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Sep 7, 2016

Chimamanda Ngozi Adichie: Nigeria’s Failed Promises



"Nigeria's Failed Promises" is an article written by one of my favourite third generation writers, Chimamanda Ngozi Adichie. In this article, Adichie extensively discusses 'Disillusionment and the Effect of Outdated Economic Model' as predominant themes in Buhari-led administration.

Read the article below:
LAGOS, Nigeria — I was 7 years old the first time I recognized political fear. My parents and their friends were talking about the government, in our living room, in our relatively big house, set on relatively wide grounds at a southeastern Nigerian university, with doors shut and no strangers present. Yet they spoke in whispers. So ingrained was their apprehension that they whispered even when they did not need to. It was 1984 and Maj. Gen. Muhammadu Buhari was the military head of state.
Governmental controls had mangled the economy. Many imported goods were banned, scarcity was rife, black markets thrived, businesses were failing and soldiers stalked markets to enforce government-determined prices. My mother came home with precious cartons of subsidized milk and soap, which were sold in rationed quantities. Soldiers flogged people on the streets for “indiscipline” — such as littering or not standing in queues at the bus stop. On television, the head of state, stick-straight and authoritative, seemed remote, impassive on his throne amid the fear and uncertainty.

And yet when, 30 years later, in 2015, Mr. Buhari was elected as a democratic president, I welcomed it. Because for the first time, Nigerians had voted out an incumbent in an election that was largely free and fair. Because Mr. Buhari had sold himself as a near-ascetic reformer, as a man so personally aboveboard that he would wipe out Nigeria’s decades-long corruption. He represented a form of hope.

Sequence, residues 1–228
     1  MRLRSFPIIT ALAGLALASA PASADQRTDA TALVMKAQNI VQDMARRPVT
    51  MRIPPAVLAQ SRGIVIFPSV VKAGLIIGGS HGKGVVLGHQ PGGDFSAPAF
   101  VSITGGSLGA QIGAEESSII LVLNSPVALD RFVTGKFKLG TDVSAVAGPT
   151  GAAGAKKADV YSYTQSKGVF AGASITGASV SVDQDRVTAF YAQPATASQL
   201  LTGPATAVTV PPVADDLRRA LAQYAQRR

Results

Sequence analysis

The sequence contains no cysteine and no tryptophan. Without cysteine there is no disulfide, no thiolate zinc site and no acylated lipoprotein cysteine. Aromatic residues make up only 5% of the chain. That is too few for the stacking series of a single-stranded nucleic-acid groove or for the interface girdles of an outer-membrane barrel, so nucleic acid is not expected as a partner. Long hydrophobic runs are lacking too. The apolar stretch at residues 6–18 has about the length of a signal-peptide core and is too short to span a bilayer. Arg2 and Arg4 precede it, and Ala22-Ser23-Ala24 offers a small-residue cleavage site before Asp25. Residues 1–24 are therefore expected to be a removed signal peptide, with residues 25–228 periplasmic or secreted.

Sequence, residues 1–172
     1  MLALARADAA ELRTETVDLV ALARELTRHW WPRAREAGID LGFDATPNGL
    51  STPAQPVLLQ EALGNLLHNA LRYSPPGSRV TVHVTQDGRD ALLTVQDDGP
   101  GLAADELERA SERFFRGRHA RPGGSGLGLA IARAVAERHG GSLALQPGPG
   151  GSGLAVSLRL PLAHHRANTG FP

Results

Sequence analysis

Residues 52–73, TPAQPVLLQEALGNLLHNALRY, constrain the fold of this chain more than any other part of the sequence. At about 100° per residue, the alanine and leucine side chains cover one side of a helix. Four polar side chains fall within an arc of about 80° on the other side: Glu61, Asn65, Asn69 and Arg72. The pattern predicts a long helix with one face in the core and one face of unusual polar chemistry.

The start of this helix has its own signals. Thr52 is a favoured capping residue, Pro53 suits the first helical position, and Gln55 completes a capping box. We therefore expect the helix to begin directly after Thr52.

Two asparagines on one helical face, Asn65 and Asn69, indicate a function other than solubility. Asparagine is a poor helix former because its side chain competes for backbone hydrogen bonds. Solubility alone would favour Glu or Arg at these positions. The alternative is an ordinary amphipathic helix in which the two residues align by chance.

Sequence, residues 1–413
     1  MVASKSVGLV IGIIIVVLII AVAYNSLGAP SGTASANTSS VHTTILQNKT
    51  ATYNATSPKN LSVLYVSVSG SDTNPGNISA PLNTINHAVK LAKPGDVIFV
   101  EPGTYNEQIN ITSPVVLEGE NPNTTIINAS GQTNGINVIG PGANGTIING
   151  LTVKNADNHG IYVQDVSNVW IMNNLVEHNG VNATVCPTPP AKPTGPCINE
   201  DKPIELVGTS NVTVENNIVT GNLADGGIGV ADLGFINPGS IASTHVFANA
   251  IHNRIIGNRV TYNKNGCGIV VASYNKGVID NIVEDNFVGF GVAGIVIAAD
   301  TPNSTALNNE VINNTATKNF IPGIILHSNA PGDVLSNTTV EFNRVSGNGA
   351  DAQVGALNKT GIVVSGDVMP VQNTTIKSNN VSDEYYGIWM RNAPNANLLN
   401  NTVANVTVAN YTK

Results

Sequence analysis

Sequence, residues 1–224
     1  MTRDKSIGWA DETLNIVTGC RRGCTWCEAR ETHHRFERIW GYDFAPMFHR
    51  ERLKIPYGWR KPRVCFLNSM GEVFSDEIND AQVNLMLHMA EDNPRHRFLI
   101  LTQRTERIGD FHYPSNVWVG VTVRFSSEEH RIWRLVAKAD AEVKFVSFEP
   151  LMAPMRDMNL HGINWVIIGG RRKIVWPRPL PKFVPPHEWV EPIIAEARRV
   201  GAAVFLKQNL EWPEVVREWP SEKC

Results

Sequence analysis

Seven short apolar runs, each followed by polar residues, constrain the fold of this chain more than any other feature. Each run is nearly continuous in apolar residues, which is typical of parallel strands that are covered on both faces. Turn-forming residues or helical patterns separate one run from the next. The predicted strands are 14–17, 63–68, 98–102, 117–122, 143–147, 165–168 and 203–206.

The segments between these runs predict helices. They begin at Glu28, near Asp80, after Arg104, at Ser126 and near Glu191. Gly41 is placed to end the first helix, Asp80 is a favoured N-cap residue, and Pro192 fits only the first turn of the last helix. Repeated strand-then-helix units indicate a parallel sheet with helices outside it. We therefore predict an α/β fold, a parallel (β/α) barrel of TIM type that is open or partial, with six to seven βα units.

Nigeria is difficult to govern. It is Africa’s most populous country, with regional complexities, a scarred history and a patronage-based political culture. Still, Mr. Buhari ascended to the presidency with a rare advantage — not only did he have the good will of a majority of Nigerians, he elicited a peculiar mix of fear and respect. For the first weeks of his presidency, it was said that civil servants who were often absent from work suddenly appeared every day, on time, and that police officers and customs officials stopped demanding bribes.

He had an opportunity to make real reforms early on, to boldly reshape Nigeria’s path. He wasted it. Perhaps the first clue was the unusually long time it took him to appoint his ministers. After an ostensible search for the very best, he presented many recycled figures with whom Nigerians were disenchanted. But the real test of his presidency came with the continued fall in oil prices, which had begun the year before his inauguration. Nigeria’s economy is unwholesomely dependent on oil, and while the plunge in prices was bound to be catastrophic, Mr. Buhari’s actions made it even more so.

What other themes can you get from the article?


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